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Hoffmann, R. A wiki for the life sciences where authorship matters. Nature Genetics (2008)

Antiviral activity of 5-ethyl-2'-deoxyuridine against herpes simplex viruses in cell culture, mice, and guinea pigs.

The susceptibility of 3 laboratory strains and 24 clinical isolates of herpes simplex virus type 1 (HSV-1) and type 2 (HSV-2) to 5-ethyl-2'-deoxyuridine was determined in plaque reduction assays in Vero cells. The median effective doses were 8.6 and 7.8 microM, respectively. The drug was less potent than acyclovir and other related antiviral drugs, but it had a high therapeutic index against both HSV-1 and HSV-2. Drug-resistant viruses were readily produced in cell culture. These variants were cross-resistant to acyclovir, 2'-fluoro-5-iodoaracytosine, and 2'-fluoro-5-methylarauracil but were susceptible to vidarabine or phosphonoformate. These findings confirm that the selective antiviral activity of 5-ethyl-2'-deoxyuridine is mediated by the virus-induced thymidine kinase. Oral or intraperitoneal administration of the drug at nontoxic doses was ineffective in protecting mice against intracerebral challenge with virus. Using implanted osmotic minipumps or coadministering the drug with dimethyl sulfoxide failed to decrease the mortality rate. In guinea pigs infected genitally with HSV-2, topical drug treatment was more effective than placebo in reducing lesion severity and other clinical and virological variables. These effects were noted whether the drug treatment was initiated 3 or 24 h after infection (ascertained serologically). Drug-treated animals had a significantly lower herpes antibody titer than did placebo-treated guinea pigs, suggesting that the drug can also reduce the viral antigen load. In this model, the drug appeared to be as effective as topical phosphonoformate or acyclovir.[1]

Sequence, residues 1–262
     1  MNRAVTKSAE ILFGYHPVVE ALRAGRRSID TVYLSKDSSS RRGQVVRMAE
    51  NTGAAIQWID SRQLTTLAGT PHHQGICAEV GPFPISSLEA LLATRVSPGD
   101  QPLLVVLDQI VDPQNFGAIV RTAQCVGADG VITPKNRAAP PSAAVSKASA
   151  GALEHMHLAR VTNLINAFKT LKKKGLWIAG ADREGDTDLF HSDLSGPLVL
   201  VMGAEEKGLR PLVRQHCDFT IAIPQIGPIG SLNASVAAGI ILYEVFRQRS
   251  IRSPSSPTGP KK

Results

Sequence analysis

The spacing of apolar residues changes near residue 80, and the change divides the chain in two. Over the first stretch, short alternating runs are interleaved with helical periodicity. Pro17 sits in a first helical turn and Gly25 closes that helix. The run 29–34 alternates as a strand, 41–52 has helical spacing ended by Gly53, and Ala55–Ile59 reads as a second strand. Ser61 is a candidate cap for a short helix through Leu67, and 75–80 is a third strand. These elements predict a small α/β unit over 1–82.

1. Antiviral activity of 5-ethyl-2'-deoxyuridine against herpes simplex viruses in cell culture, mice, and guinea pigs. Schinazi, R.F., Scott, R.T., Peters, J., Rice, V., Nahmias, A.J. Antimicrob. Agents Chemother. (1985) [Pubmed]
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